Prineville may not get a new pool by next summer, but local kids could likely see another public water feature by then.
Former Kiwanis president Wayne Looney unveiled plans for a splash pad at a Wednesday morning Crook County Court meeting. The civic group has worked with local leaders on the idea for about three years.
"Our Kiwanis group has a policy that every so often, as funds permit, we want to build a capital project in the community that primarily serves the children," Looney said.
He pointed to their last project, a toddler playground at Pioneer Park, as an example of that effort, before continuing to explain what a splash pad would look like.
"It is simply a cement pad with water features in it," Looney said. "Typically, there are jets that come straight out of the cement and they can be activated by children, usually by a stomping pad."
He went on to say that a splash pad can include a variety of features depending on what is affordable, what space allows and what is appropriate for the community.
Anderson Pools, a Portland-based company that Looney said is one of the top pool builders in the state, was chosen to complete the project. It will be located on Stryker Field near the corner of Northeast Fourth and Court streets, and Kiwanis plans to terrace the slope from the Fourth Street sidewalk to the pad on the lower portion of the field and provide a shaded area.
"It will have sails on it that are very much like the ones at Pioneer Park," Looney said. "It would be a place where parents can come and monitor children safely and sit in the shade and enjoy the day."
Looney credits fellow Kiwanis member Linda Smith with suggesting the splash pad about three years ago. At that time, the club requested a bid for the project.
"It was frightening," Looney remarked, "and it put it out of our purview and put it on the back burner."The project had little traction until about a year ago, when Crook County Judge Seth Crawford suggested that Kiwanis apply for a grant from Facebook to fund a portion of the splash pad. The idea proved successful, Looney said, with Facebook awarding the group $80,000 — but there was a catch that could have prevented Kiwanis from receiving the critical funding.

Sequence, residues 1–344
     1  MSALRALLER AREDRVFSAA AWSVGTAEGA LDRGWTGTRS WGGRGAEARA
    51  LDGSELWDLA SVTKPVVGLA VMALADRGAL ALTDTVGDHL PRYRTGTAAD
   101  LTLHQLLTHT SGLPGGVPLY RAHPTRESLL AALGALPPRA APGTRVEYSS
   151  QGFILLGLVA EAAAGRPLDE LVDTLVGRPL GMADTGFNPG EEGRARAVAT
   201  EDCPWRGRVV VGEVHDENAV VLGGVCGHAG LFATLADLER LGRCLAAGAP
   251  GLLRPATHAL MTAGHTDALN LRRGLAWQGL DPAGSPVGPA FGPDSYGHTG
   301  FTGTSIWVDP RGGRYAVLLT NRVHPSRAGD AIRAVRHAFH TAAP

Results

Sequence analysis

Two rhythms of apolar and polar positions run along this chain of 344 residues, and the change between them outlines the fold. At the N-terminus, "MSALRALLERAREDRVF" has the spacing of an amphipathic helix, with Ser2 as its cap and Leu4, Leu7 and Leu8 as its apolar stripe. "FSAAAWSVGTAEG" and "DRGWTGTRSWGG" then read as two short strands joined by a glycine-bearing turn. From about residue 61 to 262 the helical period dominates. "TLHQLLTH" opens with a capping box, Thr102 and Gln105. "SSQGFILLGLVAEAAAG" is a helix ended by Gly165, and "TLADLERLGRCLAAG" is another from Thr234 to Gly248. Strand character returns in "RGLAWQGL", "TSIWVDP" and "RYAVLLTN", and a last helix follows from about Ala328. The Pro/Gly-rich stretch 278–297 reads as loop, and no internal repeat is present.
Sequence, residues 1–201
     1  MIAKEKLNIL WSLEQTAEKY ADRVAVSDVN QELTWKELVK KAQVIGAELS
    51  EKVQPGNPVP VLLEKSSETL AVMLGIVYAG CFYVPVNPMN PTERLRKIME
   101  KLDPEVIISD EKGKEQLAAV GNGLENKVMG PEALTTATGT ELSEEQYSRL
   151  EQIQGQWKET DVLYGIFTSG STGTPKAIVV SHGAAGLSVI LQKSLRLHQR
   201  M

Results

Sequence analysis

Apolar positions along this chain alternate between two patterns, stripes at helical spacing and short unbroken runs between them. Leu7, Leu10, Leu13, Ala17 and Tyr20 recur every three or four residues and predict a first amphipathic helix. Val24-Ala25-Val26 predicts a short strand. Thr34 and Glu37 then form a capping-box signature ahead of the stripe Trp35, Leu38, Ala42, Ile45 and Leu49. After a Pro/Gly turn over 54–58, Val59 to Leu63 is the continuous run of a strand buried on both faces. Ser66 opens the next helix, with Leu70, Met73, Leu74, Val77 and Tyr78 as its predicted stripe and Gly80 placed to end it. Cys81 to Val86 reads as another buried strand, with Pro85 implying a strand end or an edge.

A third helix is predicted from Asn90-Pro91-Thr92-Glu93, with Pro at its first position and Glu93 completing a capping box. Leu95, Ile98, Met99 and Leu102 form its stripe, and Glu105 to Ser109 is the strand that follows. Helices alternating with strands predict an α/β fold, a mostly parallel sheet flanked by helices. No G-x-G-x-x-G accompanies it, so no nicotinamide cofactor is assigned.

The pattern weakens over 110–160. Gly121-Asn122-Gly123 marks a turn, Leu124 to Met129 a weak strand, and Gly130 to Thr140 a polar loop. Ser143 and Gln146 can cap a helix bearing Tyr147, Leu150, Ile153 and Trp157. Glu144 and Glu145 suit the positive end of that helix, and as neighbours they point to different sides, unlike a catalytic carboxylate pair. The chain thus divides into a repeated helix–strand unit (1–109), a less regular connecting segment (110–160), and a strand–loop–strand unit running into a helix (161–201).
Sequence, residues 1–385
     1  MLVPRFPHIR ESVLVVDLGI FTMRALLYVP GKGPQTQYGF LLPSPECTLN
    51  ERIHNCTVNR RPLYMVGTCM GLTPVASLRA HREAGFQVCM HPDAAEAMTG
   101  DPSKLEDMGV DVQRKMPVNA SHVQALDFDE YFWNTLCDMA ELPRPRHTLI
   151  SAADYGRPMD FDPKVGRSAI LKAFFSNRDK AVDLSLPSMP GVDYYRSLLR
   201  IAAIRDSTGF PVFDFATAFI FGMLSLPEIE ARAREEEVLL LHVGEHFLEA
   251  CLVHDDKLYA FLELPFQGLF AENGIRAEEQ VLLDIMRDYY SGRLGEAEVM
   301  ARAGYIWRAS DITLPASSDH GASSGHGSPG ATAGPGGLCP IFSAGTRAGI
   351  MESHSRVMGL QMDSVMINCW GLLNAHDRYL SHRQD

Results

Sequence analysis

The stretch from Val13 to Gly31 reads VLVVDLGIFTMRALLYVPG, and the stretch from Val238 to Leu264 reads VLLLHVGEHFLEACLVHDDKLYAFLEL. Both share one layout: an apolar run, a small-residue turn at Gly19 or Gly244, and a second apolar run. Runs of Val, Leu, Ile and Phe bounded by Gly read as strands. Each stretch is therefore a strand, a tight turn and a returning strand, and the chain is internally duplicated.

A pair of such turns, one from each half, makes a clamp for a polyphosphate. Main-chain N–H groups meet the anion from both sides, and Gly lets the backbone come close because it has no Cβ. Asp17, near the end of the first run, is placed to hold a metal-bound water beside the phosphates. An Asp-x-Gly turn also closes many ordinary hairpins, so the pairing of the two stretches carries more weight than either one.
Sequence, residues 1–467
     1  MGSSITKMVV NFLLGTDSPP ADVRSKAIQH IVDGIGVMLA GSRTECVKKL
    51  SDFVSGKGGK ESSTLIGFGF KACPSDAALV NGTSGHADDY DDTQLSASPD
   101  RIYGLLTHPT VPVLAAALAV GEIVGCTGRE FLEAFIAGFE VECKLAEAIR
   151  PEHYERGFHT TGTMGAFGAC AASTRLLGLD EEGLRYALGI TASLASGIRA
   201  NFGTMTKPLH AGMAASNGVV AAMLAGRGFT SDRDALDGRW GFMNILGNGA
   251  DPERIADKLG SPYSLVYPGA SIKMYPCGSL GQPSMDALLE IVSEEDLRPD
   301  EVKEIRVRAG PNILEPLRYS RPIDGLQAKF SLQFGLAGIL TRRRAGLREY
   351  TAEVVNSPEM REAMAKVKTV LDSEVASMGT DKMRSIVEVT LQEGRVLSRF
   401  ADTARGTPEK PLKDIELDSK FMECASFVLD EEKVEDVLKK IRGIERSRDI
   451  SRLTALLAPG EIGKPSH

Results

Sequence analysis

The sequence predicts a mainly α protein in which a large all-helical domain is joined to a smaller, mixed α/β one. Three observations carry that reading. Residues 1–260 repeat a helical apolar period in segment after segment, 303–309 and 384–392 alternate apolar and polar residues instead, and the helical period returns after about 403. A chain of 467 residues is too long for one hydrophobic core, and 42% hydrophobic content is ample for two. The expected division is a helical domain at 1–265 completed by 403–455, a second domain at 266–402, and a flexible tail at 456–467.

"The caveat in that grant was that we needed to do it this summer," Looney said. "We weren't prepared to do that."
But Kiwanis was able to negotiate with Facebook and work out a solution where the group could build the splash pad the following spring. This will require the club to come up with at least another $50,000 from sources other than the grant and the $20,000 Kiwanis is paying for the project.
Looney said that other entities have shown interest in contributing funds, including the county.
"I am pretty excited about this," Crawford said. He discussed the possibility of the county utilizing around $30,000 of its transient room tax dollars to help fund the project, pointing out that the tax dollars are typically spent on items that help enhance local tourism. He said a splash pad would meet that objective.
"It is near a lot of our restaurants downtown," Crawford said. "Maybe bringing a few more people down there will help rejuvenate that area and bring more businesses in there."
To raise the remaining funds to cover the $150,000 price tag, or exceed it and improve upon the current design, Looney said Kiwanis will conduct community outreach efforts.
"We need to do a collaborative effort," he said. "The more funding we can get for this, the nicer we can make it."
Assuming Kiwanis can collect the necessary funds, construction will begin at some point in the spring, and take only 30 days to complete.
"We think it should be well received," Looney said. "It will be something that I am positive our children will enjoy for a long time."